Two members of the United States Congress flew unannounced into Kabul airport in the middle of the chaotic evacuation, stunning State Department and US military personnel who had to divert resources to provide security and information to the lawmakers, US officials say.
Representative Seth Moulton (Democrat, Massachusetts) and Representative Peter Meijer, (Republican, Michigan) flew in and out on charter aircraft and were on the ground at the Kabul airport for several hours on Tuesday.
That led officials to complain that they could be taking seats that would have otherwise gone to other Americans or Afghans fleeing the country, but the congressmen said in a joint statement that they made sure to leave on a flight with empty seats.
“As members of Congress, we have a duty to provide oversight on the executive branch,'” the two said in their statement.
“We conducted this visit in secret, speaking about it only after our departure, to minimise the risk and disruption to the people on the ground, and because we were there to gather information, not to grandstand.”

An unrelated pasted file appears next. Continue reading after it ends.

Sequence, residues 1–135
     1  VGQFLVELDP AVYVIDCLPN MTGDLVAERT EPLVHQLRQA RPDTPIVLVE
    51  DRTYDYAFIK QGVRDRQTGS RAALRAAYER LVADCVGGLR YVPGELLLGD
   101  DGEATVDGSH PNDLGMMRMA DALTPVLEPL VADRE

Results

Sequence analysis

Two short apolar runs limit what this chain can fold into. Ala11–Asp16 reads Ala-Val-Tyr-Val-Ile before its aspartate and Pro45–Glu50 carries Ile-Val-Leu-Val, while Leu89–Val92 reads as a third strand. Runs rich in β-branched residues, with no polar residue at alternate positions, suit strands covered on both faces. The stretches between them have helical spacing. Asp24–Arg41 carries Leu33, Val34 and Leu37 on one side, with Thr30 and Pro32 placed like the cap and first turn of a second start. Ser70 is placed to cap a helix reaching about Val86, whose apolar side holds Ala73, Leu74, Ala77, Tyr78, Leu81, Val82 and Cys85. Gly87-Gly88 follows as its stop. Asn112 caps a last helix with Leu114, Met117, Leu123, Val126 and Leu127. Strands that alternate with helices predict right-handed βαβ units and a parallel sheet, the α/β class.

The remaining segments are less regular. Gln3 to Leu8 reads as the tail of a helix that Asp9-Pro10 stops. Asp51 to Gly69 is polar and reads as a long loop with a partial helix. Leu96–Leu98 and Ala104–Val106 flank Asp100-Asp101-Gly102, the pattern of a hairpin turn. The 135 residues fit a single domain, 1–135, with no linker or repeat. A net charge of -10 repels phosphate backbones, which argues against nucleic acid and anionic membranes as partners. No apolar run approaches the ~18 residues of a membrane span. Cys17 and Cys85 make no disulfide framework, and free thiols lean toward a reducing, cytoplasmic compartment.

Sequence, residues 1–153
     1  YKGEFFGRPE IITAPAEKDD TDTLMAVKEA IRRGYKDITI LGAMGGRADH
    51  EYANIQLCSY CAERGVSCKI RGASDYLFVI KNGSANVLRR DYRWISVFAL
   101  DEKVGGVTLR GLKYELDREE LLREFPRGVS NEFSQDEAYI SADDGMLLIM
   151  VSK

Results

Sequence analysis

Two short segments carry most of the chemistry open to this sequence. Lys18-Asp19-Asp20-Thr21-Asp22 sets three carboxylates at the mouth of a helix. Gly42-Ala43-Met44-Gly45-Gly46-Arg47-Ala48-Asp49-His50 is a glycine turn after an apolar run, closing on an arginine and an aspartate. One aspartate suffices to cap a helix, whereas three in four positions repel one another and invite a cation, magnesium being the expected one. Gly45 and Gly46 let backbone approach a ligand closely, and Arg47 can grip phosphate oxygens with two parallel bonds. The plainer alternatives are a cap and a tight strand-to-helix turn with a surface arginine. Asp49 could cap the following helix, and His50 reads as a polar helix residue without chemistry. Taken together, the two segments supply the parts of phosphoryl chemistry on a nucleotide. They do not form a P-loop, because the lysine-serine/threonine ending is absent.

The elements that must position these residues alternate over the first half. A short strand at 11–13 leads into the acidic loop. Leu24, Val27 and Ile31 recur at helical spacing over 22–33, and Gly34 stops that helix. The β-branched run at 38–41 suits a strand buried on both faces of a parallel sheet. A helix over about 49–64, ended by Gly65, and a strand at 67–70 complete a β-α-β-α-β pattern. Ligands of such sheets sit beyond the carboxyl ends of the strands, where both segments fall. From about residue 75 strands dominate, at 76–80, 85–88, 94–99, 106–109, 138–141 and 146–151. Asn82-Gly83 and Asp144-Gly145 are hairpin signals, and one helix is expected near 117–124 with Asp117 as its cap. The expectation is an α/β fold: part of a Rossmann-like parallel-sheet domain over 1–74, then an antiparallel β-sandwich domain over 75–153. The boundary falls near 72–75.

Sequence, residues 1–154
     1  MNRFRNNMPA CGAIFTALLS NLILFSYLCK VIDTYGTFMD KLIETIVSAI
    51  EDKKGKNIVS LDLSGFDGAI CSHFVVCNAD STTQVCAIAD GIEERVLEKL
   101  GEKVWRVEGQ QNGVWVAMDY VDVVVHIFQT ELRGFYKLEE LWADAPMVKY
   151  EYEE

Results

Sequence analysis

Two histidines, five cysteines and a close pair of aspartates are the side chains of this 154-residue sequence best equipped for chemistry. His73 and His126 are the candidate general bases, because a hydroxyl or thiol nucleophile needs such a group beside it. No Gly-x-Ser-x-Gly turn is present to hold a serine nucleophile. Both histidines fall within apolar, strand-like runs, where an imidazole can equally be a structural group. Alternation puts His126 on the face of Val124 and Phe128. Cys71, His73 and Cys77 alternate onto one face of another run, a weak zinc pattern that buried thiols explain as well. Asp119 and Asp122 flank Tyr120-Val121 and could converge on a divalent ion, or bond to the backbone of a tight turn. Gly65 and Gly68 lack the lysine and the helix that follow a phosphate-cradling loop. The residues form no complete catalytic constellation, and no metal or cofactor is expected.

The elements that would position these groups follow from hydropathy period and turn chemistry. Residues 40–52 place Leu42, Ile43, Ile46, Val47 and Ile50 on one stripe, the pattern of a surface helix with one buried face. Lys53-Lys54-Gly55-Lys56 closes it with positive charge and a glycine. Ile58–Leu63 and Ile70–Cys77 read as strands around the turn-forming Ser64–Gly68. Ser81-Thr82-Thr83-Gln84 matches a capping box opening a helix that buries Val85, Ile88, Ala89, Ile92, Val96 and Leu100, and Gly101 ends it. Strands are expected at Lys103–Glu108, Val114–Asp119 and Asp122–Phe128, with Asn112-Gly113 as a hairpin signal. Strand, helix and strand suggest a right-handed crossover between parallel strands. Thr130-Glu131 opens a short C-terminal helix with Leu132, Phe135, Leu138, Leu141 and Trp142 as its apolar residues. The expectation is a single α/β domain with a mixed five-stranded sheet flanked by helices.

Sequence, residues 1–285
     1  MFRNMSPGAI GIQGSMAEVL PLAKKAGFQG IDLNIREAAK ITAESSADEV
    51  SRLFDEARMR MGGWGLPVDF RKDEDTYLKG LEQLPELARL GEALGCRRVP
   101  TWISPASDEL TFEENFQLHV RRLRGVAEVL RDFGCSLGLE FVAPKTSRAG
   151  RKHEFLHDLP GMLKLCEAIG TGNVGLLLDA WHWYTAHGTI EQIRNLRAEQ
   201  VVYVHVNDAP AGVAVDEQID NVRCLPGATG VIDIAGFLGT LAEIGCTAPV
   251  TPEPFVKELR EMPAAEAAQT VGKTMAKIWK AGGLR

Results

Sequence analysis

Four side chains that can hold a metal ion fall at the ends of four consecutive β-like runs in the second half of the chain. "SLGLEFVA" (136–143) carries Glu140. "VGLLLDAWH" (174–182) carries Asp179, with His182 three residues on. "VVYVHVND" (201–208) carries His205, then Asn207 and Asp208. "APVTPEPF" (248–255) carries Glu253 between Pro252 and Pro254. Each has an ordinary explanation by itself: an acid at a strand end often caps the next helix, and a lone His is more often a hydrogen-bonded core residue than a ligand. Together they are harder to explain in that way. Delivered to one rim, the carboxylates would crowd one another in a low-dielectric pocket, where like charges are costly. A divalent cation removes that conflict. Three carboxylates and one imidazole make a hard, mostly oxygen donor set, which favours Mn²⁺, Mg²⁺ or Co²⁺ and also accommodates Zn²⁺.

The two lawmakers are both military veterans, with backgrounds in the region. Mr Moulton, a Marine who has been an outspoken critic of the Iraq War, served multiple tours in Iraq.
Mr Meijer was deployed as part of the Army Reserves and later worked in Afghanistan at a nongovernmental organisation providing aid.
Mr Moulton serves on the House Armed Services Committee and Mr Meijer is on the House Foreign Affairs Committee.
Three officials familiar with the flight said that State Department, Defence Department and White House officials were furious about the incident because it was done without coordination with diplomats or military commanders directing the evacuation.